[Date Prev][Date Next][Date Index]

GLIN==> Reel in the Latest Fish Consumption Advisories



Posted on behalf of Irene Miles <miles@uiuc.edu>

---
It's about time to gather your bait and tackle and head down to your favorite fishing hole. Before you bring home your catch and fry it up however, you ought to find out if there are fish consumption advisories for that body of water. This is especially true if the fish will be eaten by a pregnant or nursing woman or a child.

"Fish are a great source for protein and minerals; they are also low in saturated fat and can be a source of omega-3 fatty acids--essential for good health, but in a number of water bodies in Illinois and Indiana, fish can be contaminated with pollutants. Exposure to low levels of these contaminants may have long lasting health effects," said Leslie Dorworth, Illinois-Indiana Sea Grant aquatic ecology specialist.

Mercury can damage the nervous system, particularly in developing children. Low amounts of mercury may lead to learning deficits. PCBs have also been linked to learning deficits and behavioral problems in children.

A fish consumption advisory will tell you which contaminants are of concern for a particular water body, along with whether available fish species pose a risk depending on their sizes. These recommendations are based primarily on protecting women of childbearing age, pregnant women, fetuses, nursing mothers and children younger than 15 years of age.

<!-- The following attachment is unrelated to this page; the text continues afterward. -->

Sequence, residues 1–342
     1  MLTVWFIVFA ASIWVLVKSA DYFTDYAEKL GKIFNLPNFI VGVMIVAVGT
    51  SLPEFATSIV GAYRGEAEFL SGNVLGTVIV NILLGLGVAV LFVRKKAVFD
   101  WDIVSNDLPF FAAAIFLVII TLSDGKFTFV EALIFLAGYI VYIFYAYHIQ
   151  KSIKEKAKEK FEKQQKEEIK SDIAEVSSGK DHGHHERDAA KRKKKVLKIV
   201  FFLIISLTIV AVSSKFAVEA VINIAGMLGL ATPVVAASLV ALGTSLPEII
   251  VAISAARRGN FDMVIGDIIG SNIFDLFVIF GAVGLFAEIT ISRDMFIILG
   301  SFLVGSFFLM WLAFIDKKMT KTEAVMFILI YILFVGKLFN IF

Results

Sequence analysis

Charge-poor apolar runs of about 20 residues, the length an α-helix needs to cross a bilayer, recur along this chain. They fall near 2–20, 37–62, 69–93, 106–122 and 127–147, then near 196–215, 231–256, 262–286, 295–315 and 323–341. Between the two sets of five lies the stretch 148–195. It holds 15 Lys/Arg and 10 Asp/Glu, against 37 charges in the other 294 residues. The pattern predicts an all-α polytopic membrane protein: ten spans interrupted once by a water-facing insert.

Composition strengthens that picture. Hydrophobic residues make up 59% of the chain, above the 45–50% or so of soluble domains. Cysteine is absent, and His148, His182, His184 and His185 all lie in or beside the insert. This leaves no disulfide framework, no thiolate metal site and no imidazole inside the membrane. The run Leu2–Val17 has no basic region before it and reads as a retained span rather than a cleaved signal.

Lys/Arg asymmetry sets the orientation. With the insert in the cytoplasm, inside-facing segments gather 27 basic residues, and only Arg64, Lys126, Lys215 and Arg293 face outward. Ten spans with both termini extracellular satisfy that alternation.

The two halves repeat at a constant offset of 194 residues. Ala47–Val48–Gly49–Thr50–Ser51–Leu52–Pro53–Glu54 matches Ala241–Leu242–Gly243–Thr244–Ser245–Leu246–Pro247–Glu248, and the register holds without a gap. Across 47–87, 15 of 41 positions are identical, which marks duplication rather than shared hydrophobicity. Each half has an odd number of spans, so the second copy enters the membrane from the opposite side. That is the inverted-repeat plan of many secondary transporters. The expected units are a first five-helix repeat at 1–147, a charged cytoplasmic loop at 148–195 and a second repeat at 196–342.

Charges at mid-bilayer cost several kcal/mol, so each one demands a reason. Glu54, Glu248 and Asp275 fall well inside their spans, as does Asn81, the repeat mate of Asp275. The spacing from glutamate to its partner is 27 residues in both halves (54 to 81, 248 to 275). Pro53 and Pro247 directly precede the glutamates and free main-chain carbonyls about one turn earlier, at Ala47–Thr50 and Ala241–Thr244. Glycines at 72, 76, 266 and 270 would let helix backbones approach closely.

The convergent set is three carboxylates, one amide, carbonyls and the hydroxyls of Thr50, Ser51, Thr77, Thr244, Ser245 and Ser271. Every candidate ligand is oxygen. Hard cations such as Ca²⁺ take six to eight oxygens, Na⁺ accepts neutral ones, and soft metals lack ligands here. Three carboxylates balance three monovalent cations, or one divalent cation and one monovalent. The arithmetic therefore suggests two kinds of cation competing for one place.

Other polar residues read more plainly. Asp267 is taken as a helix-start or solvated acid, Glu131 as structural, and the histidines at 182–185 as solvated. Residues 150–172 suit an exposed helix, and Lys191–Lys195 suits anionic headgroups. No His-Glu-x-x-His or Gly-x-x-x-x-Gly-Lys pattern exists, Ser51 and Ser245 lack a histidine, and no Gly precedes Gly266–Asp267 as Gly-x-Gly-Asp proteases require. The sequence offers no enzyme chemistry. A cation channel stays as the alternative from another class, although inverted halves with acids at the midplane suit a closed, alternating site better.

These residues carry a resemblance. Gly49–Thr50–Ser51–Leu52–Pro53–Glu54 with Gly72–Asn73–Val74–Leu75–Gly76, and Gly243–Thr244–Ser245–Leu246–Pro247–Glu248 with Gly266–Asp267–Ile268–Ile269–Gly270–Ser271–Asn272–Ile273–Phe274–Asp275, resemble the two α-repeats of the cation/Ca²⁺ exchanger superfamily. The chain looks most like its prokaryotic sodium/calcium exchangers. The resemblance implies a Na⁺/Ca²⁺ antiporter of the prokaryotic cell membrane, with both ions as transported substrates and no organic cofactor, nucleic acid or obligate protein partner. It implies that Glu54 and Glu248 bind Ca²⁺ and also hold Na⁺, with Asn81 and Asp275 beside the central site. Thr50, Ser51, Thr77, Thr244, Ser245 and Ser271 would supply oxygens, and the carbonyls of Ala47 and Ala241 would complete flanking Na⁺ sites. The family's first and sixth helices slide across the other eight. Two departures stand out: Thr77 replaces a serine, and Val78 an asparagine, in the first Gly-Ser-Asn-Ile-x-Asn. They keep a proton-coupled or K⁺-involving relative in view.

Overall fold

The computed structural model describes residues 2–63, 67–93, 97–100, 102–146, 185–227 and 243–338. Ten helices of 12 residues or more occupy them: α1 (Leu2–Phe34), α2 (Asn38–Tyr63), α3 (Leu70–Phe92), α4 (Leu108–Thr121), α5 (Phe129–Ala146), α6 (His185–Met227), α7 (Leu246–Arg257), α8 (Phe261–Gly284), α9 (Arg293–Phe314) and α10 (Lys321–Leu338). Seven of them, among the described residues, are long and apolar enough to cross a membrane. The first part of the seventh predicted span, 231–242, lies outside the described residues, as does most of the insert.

"You can still get the benefits of eating fish by choosing safer types of fish and safer ways to prepare fish; and by carefully choosing how often you eat fish," said Dorworth.

Always remember to eat a variety of fish, keeping the following in mind:  fatty fish tend to accumulate PCBs; fish that eat other fish, such as largemouth bass, also build up contaminants; larger and older fish tend to build up contaminants in their bodies; and fish that feed along the water's bottom ingest more contaminants than those swimming in the water column.

"PCBs are stored in the fat of fish, whereas mercury is stored in the muscle," said Dorworth. "This means you can reduce the level of PCBs, but not mercury, by properly cleaning, skinning and trimming your catch, as well as baking or broiling the fish on an elevated rack that allows fats to drain to the pan below. After cooking, discard all liquids."

To find out how often it is safe to eat a particular species, fish consumption advisories are the key. "For many rivers and lakes throughout Illinois and Indiana, you can find out whether your catch is safe to eat," explained Dorworth.

For easy online access to fish advisories in Illinois, Indiana and Michigan, go to the Sea Grant Web page at www.iisgcp.org. If you would like a copy of Illinois-Indiana Sea Grant's latest pamphlet on fish advisories titled "Contaminants in Fish & Seafood: A Guide to Safe Consumption" contact Susan White at (217) 333-9441 or email white2@uiuc.edu.

For more information, please contact:

Irene Miles
miles@uiuc.edu
217-333-8055